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3 Months : From May 2019 to Aug 2019
By Mark Maurer
U.S. companies' working-capital efficiency reached a six-year high in 2018 as finance chiefs increasingly prioritize managing inventories to more quickly convert the capital into cash, a new study found.
The 1,000 largest U.S. public companies collected cash from their customers quicker than they had since 2012, according to a study to be released Wednesday by Hackett Group Inc., a consulting firm.
Hackett said it sees more than $1.28 trillion that U.S. companies can trim from their working capital. That figure translates to about 6% of U.S. gross domestic product and marks an approximately 15% year-over-year increase from $1.1 trillion, the study showed.
That money could be deployed to give companies a competitive edge. Companies that wring money from working capital can funnel those funds toward ramping up acquisitions and initiatives that propel growth. A company's working-capital performance can be tied to the performance of its CFO. Finance chiefs are increasingly standardizing processes to track working-capital performance across an organization, to make the most of that funding source.
The top-performing companies paid suppliers almost three weeks slower in 2018 than typical companies and collected cash from customers almost three weeks quicker -- while holding less than half the inventory, data showed. The amount of funds trapped in inventory fell for the first time since 2012 last year. Despite the improvements in the receivable and inventory categories, payables performance deteriorated. Companies have begun to scale back on extending payment terms, thus cutting suppliers some slack.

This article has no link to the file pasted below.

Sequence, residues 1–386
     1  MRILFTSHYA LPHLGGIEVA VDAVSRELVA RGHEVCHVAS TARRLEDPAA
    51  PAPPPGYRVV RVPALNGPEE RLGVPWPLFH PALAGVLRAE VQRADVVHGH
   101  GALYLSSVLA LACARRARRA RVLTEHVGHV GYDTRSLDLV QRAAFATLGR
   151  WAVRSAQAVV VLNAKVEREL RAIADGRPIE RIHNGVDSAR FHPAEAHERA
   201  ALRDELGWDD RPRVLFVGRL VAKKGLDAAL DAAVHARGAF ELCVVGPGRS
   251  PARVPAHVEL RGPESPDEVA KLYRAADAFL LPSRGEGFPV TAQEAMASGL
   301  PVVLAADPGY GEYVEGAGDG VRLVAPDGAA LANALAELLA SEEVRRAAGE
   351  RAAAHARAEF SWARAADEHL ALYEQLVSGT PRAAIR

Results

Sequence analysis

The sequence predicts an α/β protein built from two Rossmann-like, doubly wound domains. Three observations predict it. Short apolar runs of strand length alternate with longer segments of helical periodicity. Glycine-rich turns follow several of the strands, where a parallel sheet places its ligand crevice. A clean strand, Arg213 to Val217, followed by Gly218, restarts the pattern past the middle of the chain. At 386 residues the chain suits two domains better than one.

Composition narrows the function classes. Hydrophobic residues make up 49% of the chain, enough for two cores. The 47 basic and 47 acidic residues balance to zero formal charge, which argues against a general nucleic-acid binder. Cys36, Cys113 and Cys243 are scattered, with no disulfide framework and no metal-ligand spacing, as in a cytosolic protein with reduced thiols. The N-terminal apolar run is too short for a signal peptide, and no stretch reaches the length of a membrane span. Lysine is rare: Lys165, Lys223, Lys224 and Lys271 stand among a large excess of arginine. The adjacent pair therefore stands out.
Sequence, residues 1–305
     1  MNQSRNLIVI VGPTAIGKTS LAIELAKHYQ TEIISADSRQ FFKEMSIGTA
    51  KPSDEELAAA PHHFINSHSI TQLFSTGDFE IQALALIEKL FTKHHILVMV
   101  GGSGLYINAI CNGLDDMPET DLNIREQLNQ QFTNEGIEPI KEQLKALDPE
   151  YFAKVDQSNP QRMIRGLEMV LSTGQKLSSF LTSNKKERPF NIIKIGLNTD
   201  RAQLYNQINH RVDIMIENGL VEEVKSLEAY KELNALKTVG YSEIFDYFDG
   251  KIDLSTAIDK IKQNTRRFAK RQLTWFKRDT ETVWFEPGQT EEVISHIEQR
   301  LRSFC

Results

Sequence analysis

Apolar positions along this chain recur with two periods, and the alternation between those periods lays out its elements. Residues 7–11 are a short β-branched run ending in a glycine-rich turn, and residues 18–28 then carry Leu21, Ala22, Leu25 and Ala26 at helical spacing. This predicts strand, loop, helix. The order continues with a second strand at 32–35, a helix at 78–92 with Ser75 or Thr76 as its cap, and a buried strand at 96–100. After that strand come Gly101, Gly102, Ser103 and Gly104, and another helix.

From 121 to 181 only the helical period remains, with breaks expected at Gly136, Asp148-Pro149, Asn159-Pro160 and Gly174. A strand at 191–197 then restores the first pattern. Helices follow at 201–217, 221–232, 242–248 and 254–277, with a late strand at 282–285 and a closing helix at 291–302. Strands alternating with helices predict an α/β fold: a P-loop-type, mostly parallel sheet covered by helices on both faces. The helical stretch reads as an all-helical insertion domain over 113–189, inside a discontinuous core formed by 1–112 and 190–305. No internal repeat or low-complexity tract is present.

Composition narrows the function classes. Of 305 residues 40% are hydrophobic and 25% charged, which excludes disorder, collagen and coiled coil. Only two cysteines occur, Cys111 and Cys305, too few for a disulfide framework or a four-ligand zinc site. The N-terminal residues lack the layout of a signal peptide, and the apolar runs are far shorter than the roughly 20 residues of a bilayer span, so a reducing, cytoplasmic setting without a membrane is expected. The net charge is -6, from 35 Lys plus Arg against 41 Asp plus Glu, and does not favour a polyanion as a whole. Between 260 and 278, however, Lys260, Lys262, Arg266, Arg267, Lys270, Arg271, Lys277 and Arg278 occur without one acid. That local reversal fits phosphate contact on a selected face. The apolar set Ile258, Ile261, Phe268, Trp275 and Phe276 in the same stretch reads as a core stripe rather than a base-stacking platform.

"Inventories are an untapped area of working capital and they're more difficult to go after than payables," Craig Bailey, associate principal at Hackett, said in an interview. "Companies found there's just not much to be gained going after payment terms."
Of the 1,000 companies surveyed, nine improved their cash-conversion cycle -- a measure of operational efficiency that tracks the speed of converting a transaction into cash -- every year from 2011 to 2018. The companies included PepsiCo Inc., HP Inc., and Lennar Corp, the report showed.
Hackett's survey found that the aerospace, oil-and-gas, and energy services industries struggled the most when it came to working-capital performance last year.
National Oilwell Varco Inc., a Houston-based manufacturer of oil-and-gas production equipment, was among the companies with the largest working-capital opportunity, at $4.5 billion, according to Hackett data provided to The Wall Street Journal.
"When an oil rig gets built, capital sometimes gets stranded," said Marshall Adkins, an analyst at Raymond James & Associates Inc., who follows National Oilwell. "Many of the offshore drilling rigs ordered five or six years ago were stymied in a shipyard."
National Oilwell recognizes the need to improve its management of working capital, CFO and Senior Vice President Jose Bayardo has said on earnings calls, most recently in February. The company is trying to decrease the number of days to convert transactions to cash, Mr. Bayardo said on the call. The company's cash-conversion cycle was 246 days last year, down from 285 the year earlier, Hackett data showed.
Mr. Bayardo couldn't be reached for comment Monday. A National Oilwell spokesman declined to comment.
Write to Mark Maurer at email@example.com
(END) Dow Jones Newswires
June 25, 2019 08:14 ET (12:14 GMT)
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